Advertisements

The Truth About The Meat You Eat

Truth: Chemical Additives and Preservatives are used in Meat Processing.

The rates of cancer, childhood illness and auto-immune disease are on a fast rise, and it is the food we ingest that is to blame. Processed meats are related to many poor human health conditions. Many fresh meats including beef, chicken and pork can test positive for being injected with steroids and hormones. Why is this? Many animals are injected with growth hormones and steroids with the purpose of increasing their meat production.

Processed meats are meat products that can stay on the shelf for a longer amount of time because of preservatives.  Chicken is heavily packed with additives to extend the refrigeration time. Sodium nitrate is an additive that many meat processing companies use to color the meat. This happens by making the meat look fresh by turning it the color red.

processed_chicken

“Nitrates such as sodium nitrate, however can be extremely harmful to many of our internal organs such as the pancreas and the liver.”

Keep in Mind! While one small serving with these preservatives may not cause any damage, these chemicals can stay in your system for years and toxic levels could build up in your body.

Other types of processed meats include:

  • Bologna
  • Bacon
  • Deli meats
  • Hot dogs
  • Meats used in canned spaghetti or ravioli
  • Pepperoni used on pizza slices

MSG is another chemical that is found in many of our processed meats. MSG can lead to many neurological problems such as migraines, Parkinson’s disease and Alzheimer’s. It has also been associated with causing obesity and infertility.

No-MSG

Poultry

Chickens live in filthy environments. After they have been slaughtered, chickens are then injected with preservatives, including sodium lactate and potassium lactate. Bromelain and ficin are often used to help make the meat tender.

Beef

Dried meats, such as beef jerky, as well as ground beef, steaks and roasts are all injected with preservatives. Beef jerky contains butylated hydroxytoluene, which stops the meat from turning rotten. Ground beef contains chemicals such as carrageenan to help the beef stay composed. Roast beef might be injected with an unspecified water solution to keep the meat juicy.

The Food and Drug Administration (FDA) as of today lists 3,000 food additives approved for food use in the United States. These food additives may harm our health.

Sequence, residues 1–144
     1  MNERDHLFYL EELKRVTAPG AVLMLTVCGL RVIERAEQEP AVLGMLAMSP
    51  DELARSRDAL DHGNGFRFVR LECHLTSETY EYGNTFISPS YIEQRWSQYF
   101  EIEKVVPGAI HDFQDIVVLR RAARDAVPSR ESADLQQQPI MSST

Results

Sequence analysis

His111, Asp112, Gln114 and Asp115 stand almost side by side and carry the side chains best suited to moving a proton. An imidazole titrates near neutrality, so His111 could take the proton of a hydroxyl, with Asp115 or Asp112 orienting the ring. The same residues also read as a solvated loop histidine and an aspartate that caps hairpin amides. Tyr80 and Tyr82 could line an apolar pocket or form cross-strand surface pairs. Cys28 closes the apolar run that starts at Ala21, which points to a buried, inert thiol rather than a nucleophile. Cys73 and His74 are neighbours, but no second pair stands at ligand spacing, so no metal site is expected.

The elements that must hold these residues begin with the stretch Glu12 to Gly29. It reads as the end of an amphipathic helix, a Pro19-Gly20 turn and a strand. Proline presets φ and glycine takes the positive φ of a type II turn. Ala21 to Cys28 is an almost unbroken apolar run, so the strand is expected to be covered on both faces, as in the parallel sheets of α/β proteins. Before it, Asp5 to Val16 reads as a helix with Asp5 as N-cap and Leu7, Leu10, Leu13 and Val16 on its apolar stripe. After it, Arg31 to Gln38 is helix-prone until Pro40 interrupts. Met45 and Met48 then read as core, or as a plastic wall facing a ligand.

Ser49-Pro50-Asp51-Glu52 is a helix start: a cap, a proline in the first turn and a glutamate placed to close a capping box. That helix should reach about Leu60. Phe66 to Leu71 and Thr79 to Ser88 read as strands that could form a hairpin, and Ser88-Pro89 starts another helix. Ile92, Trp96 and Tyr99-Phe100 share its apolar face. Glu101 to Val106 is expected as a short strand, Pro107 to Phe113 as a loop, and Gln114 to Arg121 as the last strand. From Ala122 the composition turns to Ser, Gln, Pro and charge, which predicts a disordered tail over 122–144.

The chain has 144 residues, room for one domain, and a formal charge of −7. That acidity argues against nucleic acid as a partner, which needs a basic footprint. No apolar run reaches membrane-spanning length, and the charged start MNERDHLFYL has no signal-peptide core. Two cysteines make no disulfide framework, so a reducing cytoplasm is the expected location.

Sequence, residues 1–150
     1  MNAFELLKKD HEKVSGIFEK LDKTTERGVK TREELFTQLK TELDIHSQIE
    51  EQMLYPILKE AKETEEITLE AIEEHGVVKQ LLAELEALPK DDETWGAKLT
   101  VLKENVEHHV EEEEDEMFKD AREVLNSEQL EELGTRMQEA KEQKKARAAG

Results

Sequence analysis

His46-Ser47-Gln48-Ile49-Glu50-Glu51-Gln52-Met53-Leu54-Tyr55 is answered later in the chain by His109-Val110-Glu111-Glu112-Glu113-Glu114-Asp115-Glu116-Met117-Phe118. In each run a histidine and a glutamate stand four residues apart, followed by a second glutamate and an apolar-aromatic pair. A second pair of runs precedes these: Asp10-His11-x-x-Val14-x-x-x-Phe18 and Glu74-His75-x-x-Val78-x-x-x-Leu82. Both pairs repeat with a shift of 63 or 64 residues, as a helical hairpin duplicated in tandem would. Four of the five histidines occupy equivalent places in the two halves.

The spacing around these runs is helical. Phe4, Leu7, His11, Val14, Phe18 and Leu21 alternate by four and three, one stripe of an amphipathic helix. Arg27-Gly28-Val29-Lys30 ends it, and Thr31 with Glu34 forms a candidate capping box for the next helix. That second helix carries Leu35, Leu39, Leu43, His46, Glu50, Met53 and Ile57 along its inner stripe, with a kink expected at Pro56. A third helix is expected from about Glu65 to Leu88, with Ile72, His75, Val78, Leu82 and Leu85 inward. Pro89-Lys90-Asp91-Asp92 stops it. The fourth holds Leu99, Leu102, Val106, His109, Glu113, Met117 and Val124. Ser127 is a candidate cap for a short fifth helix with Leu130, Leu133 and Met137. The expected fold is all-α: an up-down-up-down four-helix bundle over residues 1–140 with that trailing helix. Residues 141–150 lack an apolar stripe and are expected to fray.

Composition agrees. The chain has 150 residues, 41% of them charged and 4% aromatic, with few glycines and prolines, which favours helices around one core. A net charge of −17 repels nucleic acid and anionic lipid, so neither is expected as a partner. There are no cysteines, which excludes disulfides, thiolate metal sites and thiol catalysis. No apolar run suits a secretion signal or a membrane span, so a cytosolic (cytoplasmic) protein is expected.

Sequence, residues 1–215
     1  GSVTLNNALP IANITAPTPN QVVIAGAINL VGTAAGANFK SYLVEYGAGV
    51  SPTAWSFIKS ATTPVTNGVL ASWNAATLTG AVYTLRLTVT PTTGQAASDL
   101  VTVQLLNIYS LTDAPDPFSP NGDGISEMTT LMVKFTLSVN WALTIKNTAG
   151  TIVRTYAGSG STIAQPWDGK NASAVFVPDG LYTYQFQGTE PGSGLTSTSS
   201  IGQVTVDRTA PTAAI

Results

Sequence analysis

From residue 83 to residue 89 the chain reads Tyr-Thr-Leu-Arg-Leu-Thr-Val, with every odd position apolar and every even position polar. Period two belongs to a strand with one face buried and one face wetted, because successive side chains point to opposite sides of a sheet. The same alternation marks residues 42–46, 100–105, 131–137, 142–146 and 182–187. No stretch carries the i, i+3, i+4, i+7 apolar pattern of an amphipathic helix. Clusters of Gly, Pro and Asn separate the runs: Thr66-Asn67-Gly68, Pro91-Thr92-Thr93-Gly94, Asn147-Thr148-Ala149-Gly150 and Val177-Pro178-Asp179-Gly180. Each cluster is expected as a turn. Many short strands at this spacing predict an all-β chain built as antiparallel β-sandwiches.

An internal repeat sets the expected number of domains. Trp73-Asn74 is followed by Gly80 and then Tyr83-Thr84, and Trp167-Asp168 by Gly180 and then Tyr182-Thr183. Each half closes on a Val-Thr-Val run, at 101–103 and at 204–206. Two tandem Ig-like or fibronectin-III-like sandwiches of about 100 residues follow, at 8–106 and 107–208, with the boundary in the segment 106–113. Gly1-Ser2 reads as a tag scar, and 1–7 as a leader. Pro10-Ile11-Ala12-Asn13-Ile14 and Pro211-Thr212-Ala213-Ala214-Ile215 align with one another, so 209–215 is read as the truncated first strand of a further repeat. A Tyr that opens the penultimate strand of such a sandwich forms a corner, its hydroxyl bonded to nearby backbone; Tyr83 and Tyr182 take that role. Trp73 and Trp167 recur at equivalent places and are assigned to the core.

In 2010, the Government Accountability Office (GAO) stated that the FDA is not guaranteeing the safety of many chemicals put in our food.

Preservatives- fall into one of two categories: those used to avoid bacterial or fungal growth and those that prevent oxidation which leads to the rotting of food.

Food Additives- The federal government defines food additives as being of unknown.

Hint! If you can’t pronounce something on an ingredients label, it is probably a food additive. Here are some common additives found in many processed foods.

additives

• Benzoates (used to kill microorganisms)

• Potassium Sorbate (used for killing mold)

• Carrageenan (used to create a smooth texture and thicken foods)

• Propylene Glycol (thickener and texturizer, also used as antifreeze for cars and airplanes)

• Calcium Pantothenate (calcium supplement)

• Thiamine Hydrochloride (Vitamin B supplement)

• Aspartame (sweetener)

• Disodium Guanylate (flavor enhancer)

• Cochineal (Red coloring)

• Titanium Dioxide (white coloring)

Did you know?

  • Some food and color additives have been linked to cancer, asthma and even birth defects.
  • In August of 2006, the FDA permitted the process of stopping the foodborne disease listeriosis by spraying bacteria-eating viruses on processed meats and cold cuts.

What You Can Do

  • Eat fresh, unprocessed foods grown by local farmers.
  • Check labels for additives when shopping at your grocery store.
  • Buy more whole foods and fewer “convenience foods.”

an-october-unprocessed-menu-top